Not much time to write on the blog these days, so things are piling up quickly. This post in particular is about a project from two months ago :-), when I participated in a Summer course at the Communication Design program at Konkuk University, Seoul. The class was lectured by Jihyun Kim and focused in making interactive applications with Android devices. I helped the students to use the Open Sound Control (OSC) protocol and sensors in Processing.Android. For most of them, this was their first experience developing on a smartphone, and the outcome was very engaging and fun.
Archive for the ‘Processing’ Tag
Thomas Diewald (who is also the author of the excellent kinect library dLibs_freenect, and many Processing pieces) recently created another library for generating realtime fluid simulations in Processing, using either the CPU or the GPU: diewald_fluid. The results are quite amazing, and it is also very fast, specially when using the GPU.
Hello! A few days ago I started working at Fathom, the information visualization studio run by Ben Fry. While here I will work on various data visualization projects, specially those requiring real-time, interactive graphics with OpenGL, as well as continue with my involvement with the development of the Processing language and environment. This job also encompasses an exciting collaboration with the lab of Pardis Sabeti at Harvard university, focused in the creation of new tools for visualizing epidemiological data and helping understand the factors that determine the origin and spread of various diseases. During my first week at Fathom I got started by working on an Android port of the “Stats of the Union” visualization, originally available for iPad tablets.
This new release of GLGraphics comes hand in hand with GSVideo 0.9, also available today. These new versions of the two libraries introduce a combined mode of operation that greatly improves video playback performance, which I will describe in the next post. Now I will focus on the new features of GLGraphics concerning exclusively with rendering and shading.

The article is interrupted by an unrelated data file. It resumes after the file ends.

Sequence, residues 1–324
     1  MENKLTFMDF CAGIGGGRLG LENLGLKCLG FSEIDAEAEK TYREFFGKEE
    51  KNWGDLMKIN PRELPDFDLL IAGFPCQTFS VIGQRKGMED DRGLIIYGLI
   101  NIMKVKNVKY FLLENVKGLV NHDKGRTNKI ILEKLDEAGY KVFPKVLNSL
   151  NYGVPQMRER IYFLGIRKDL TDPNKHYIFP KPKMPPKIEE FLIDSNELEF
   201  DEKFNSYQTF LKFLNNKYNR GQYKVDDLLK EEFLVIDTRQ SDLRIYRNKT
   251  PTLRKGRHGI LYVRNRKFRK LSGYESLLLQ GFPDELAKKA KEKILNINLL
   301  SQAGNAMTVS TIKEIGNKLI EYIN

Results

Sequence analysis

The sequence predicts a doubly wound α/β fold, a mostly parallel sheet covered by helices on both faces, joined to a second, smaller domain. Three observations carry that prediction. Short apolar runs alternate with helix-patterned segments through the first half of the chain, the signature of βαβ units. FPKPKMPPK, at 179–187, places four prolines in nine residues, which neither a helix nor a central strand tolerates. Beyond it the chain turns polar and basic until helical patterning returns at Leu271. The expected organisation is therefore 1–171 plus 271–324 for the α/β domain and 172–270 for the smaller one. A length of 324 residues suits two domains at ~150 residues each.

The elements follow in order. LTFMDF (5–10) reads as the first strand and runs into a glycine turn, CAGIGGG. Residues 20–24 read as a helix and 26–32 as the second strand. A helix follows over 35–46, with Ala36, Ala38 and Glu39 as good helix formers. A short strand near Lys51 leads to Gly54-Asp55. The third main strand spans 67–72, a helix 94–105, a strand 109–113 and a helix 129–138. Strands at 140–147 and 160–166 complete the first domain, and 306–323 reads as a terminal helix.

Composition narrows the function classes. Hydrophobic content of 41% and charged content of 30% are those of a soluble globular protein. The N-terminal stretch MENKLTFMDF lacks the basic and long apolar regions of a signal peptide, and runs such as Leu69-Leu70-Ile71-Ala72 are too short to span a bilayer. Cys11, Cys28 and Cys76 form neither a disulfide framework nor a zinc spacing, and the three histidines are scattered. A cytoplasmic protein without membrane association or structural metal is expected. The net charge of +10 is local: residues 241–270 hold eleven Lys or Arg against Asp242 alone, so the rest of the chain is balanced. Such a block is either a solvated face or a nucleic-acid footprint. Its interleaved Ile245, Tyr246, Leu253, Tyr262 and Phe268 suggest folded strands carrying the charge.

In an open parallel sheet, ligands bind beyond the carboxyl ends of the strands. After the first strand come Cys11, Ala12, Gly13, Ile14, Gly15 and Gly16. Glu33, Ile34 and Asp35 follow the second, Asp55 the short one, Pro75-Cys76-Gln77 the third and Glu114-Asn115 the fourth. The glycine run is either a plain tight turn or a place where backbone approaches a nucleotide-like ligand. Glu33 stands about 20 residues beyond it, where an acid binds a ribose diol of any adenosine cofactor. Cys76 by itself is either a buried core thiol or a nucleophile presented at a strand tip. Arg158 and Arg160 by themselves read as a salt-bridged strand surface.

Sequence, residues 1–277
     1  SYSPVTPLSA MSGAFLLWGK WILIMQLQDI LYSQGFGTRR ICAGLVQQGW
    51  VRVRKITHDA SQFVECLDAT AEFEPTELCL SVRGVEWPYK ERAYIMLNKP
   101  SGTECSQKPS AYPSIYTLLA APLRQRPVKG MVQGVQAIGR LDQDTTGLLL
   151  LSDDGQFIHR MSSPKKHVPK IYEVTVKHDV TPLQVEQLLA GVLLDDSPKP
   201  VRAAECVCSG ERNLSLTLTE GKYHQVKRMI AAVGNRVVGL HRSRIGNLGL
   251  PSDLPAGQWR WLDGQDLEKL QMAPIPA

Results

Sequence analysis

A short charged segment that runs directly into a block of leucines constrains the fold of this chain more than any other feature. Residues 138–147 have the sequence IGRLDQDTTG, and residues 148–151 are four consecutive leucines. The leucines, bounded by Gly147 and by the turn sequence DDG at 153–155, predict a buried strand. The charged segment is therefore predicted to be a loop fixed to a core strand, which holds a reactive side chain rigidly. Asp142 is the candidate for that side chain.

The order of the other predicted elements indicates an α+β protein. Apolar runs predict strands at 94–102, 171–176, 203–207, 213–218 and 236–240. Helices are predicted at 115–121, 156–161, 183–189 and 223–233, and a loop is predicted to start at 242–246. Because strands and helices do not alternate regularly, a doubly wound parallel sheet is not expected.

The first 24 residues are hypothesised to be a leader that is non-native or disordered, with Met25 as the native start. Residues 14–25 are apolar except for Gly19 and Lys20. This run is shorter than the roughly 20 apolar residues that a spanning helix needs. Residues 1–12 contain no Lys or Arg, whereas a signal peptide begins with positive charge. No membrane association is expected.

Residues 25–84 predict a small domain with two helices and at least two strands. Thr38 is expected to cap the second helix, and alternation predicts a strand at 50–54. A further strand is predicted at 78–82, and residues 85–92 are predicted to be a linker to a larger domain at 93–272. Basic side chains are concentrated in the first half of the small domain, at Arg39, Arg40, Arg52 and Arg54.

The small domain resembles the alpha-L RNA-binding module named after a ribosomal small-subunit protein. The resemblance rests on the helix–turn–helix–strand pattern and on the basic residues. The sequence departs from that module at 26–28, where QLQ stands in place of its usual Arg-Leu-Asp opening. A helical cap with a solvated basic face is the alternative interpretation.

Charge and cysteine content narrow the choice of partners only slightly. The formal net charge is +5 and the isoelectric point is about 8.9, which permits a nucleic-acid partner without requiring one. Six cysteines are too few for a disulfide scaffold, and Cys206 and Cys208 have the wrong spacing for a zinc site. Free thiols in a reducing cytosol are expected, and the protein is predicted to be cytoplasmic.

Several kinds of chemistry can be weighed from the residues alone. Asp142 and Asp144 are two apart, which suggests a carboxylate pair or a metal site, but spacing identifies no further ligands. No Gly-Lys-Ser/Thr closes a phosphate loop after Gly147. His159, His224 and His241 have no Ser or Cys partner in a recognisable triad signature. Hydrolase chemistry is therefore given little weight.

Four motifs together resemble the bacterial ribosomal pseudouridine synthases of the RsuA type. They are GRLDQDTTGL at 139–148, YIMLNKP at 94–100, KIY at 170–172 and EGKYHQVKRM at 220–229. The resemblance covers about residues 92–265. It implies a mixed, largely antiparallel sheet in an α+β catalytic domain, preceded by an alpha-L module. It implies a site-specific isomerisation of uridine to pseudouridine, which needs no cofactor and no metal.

One of my motivations to develop Software Libre is the possibility to share knowledge and to create potentially useful tools, not only for myself but also for other artists and coders. So, it is very encouraging to see work being done with some of the tools I have been putting together during the last couple of years. Check the rest of this post to see some great projects made with Processing, GLGraphics, GSVideo, and Proscene.
In the the previous post I discussed the integration of OpenCL into Processing by means of its library mechanism. An early version of a new OpenCL-physics library, based on traer.physics, was used to simulate a couple of particle systems in real-time (N-Body and Springs). An interesting application of these new methodologies is to carry out GPU-acceleration of compute operations in Cytoscape. Networks of protein-protein interactions handled in Cytoscape usually involve thousands of nodes and edges. The visualization and analysis of such networks is computationally demanding, and the use of parallel processing on GPUs provides a way to cope with this complexity. So what I did as a new experiment with OpenCL and OpenGL was to use CLPhysics to simulate a force-directed network layout in Cytoscape.
This is an exciting time to work with real-time graphics, as the capabilities of GPUs keep increasing in raw performance and functionality, and also because the “GL family” of programming API’s (OpenGL, GLSL, OpenGL ES, JOGL) has been evolving rapidly during the past years in order to give access to new hardware features and devices. One area I have been interested in for some time is General Processing on GPUs (GPGPU). GPUs can allow for major speed-ups in computational problems that are suitable for data parallelization. Originally, it was possible to carry out GPGPU calculations (such as the simulation of a particle system) with the graphics API and writing the computation “kernels” using Cg or GLSL shaders. The major disadvantage of this approach was the need to cast a general computation algorithm in graphics terminology, i.e.: an array of particle positions becoming a texture, the output of a calculation being stored in a color variable, and so on. Despite these complications, many initial GPGPU projects were carried out in this way. I also implemented some simple particle systems for non-photorealistic rendering using OpenGL and GLSL shaders. Today, there are several API’s specifically designed to program the GPUs as general parallel processors, and among the most mature and widely used ones I would mention CUDA and OpenCL. I recently chose to learn OpenCL as it is a hardware-agnostic API aimed to support GPUs from different vendors as well as CPUs and other compute devices. Also, there are already several Java-bindings for OpenCL which are in an advanced stage of development (Jogamp’s JOCL, JavaCL, and JOCL.org). This opened-up the possibility of combining OpenCL and OpenGL in Processing in order to simulate and render large particle systems with full GPU-acceleration. Continue reading for the details (and also for some video renderings made possible by Syphon).